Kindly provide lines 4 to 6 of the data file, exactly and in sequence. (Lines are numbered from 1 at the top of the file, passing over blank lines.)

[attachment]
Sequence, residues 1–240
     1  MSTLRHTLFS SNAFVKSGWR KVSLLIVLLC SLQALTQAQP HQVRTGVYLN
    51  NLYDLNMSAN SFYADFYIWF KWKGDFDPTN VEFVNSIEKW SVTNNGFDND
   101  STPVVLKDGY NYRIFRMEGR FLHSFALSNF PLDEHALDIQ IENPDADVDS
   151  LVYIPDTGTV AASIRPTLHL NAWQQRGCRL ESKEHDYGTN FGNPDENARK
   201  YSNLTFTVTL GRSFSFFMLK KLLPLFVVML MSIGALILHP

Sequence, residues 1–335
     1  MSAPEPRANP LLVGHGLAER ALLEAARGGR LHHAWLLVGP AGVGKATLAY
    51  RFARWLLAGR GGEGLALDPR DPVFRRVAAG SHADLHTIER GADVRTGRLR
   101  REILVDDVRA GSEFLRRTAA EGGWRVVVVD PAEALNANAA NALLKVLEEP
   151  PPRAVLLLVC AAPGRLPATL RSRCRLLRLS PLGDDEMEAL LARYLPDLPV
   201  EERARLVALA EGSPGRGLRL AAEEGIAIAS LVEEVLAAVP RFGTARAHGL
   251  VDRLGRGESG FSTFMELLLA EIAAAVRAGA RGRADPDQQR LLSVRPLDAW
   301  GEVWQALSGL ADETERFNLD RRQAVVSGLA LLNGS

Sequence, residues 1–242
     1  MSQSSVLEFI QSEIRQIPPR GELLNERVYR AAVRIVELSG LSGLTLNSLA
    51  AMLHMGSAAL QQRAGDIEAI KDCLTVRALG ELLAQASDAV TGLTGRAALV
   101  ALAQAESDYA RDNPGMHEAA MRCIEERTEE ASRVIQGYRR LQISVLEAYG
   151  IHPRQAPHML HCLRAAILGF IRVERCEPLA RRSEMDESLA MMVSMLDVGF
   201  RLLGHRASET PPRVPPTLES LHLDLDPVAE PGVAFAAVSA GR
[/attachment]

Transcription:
   101  STPVVLKDGY NYRIFRMEGR FLHSFALSNF PLDEHALDIQ IENPDADVDS
   151  LVYIPDTGTV AASIRPTLHL NAWQQRGCRL ESKEHDYGTN FGNPDENARK
   201  YSNLTFTVTL GRSFSFFMLK KLLPLFVVML MSIGALILHP